1. Glass – Bat for Lashes

2. Say Hey – Michael Franti & Spearhead

The Great Lover – Jill Dawson

Dream – Jaume Plensa

Anish Kapoor – Royal Academy

August: Osage County (NT)
Prick Up Your Ears (The Comedy)

Sports event:
1. Ireland winning the 6 Nations

2. Spurs 9-1 victory over Wigan


Saddest loss:
John Martyn

4 things that are bothering me about the Credit Crunch

McQueenTo celebrate our record recession as marked by today’s announcement of a neat 0.4% shrinkage of the UK economy between July and September, making this recession the longest since records began, here are 4 things that have been bugging me on this front…

Earlier this week I read in the Evening Standard an article celebrating the rise in retail sales figures in September with a woman from Selfridges revelling in all the spending, just like the good ol’ pre-Crunch times. Are we all just going to slip back into buying all that Chinese-made shit we don’t really need?

There seems to be no sign of genuine banking reform. Even Boris Johnson is now feeling stiched up by the bwankers. Short-term thinking (if you can call it thinking) is the nemesis of long-term well being.

In the wake of the oil prices hitting their peak, the moment they started coming down a bit, I remember reading the depressing newspaper headline: Supermarket forecourt price wars. This just after you started noticing people really thinking twice before making a car journey. Our capacity to fall back into old ways is frankly depressing.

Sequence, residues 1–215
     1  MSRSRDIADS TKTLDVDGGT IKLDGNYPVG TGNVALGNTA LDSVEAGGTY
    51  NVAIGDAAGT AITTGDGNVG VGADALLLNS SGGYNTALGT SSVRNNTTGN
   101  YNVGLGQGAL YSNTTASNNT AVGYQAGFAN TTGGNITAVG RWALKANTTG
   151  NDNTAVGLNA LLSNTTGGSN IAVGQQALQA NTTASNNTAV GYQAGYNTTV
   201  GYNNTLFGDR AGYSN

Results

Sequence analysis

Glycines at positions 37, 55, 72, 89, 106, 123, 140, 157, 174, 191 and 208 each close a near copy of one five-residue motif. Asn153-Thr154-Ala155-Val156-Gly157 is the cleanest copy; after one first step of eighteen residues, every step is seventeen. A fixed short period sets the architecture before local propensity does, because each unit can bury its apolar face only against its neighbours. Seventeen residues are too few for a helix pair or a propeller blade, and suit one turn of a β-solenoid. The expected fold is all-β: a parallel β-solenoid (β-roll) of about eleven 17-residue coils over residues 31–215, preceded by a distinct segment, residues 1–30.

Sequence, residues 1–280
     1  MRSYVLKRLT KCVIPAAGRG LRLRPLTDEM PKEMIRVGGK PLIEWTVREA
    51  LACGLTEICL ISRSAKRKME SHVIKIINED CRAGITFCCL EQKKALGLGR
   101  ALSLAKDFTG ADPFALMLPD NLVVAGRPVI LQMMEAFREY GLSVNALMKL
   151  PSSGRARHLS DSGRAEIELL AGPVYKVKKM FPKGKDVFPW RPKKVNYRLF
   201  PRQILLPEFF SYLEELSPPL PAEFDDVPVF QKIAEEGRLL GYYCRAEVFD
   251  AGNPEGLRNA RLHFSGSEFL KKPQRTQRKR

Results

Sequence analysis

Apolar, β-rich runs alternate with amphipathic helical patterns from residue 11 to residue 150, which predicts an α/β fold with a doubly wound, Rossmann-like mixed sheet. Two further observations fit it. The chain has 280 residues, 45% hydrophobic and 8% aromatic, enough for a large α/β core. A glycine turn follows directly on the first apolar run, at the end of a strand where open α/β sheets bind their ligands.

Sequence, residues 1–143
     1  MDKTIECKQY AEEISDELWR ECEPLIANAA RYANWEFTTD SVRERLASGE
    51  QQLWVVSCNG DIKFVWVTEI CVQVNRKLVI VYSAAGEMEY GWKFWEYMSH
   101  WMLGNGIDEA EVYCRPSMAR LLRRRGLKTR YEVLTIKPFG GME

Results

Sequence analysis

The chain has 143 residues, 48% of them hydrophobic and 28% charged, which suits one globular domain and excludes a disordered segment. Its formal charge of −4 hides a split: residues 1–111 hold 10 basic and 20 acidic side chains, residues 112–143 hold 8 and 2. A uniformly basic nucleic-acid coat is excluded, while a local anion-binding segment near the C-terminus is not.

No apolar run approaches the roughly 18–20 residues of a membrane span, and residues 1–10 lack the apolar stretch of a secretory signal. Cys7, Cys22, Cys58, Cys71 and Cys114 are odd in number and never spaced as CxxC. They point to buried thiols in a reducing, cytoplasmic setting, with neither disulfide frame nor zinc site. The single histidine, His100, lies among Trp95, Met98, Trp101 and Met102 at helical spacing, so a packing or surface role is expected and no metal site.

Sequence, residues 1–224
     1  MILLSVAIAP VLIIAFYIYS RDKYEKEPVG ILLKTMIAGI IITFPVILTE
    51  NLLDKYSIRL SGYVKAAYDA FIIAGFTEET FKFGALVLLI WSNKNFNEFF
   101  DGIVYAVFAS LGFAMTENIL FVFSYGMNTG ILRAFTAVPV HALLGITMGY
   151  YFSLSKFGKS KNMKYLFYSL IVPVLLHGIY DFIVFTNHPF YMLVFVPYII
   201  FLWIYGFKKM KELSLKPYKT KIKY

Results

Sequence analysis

People keep referring to it as if it’s another run-of-the-mill, cycle-of-things recession, perhaps a bit worse but still a known quantity. My instinct about it is that it contains elements the like of which we have not seen before and understand no better than the bwankers understood what they were doing when they bought those packages of cancerous debt.

We had a chance for a moment there to stop and reflect and consider where true value lies, make some radical changes and get our lives back into balance, perhaps healing our battered environment to a sufficient degree in the process. I hope that moment hasn’t passed but I wouldn’t bet my bottom dollar on it (if I could afford dollars these days).

Best of British – Top British films of the last 25 years

Mike Leigh's Naked

Mike Leigh's Naked (ooh matron!)

My response to today’s Observer Film Magazine list of ‘The Best British Films 1984-2009’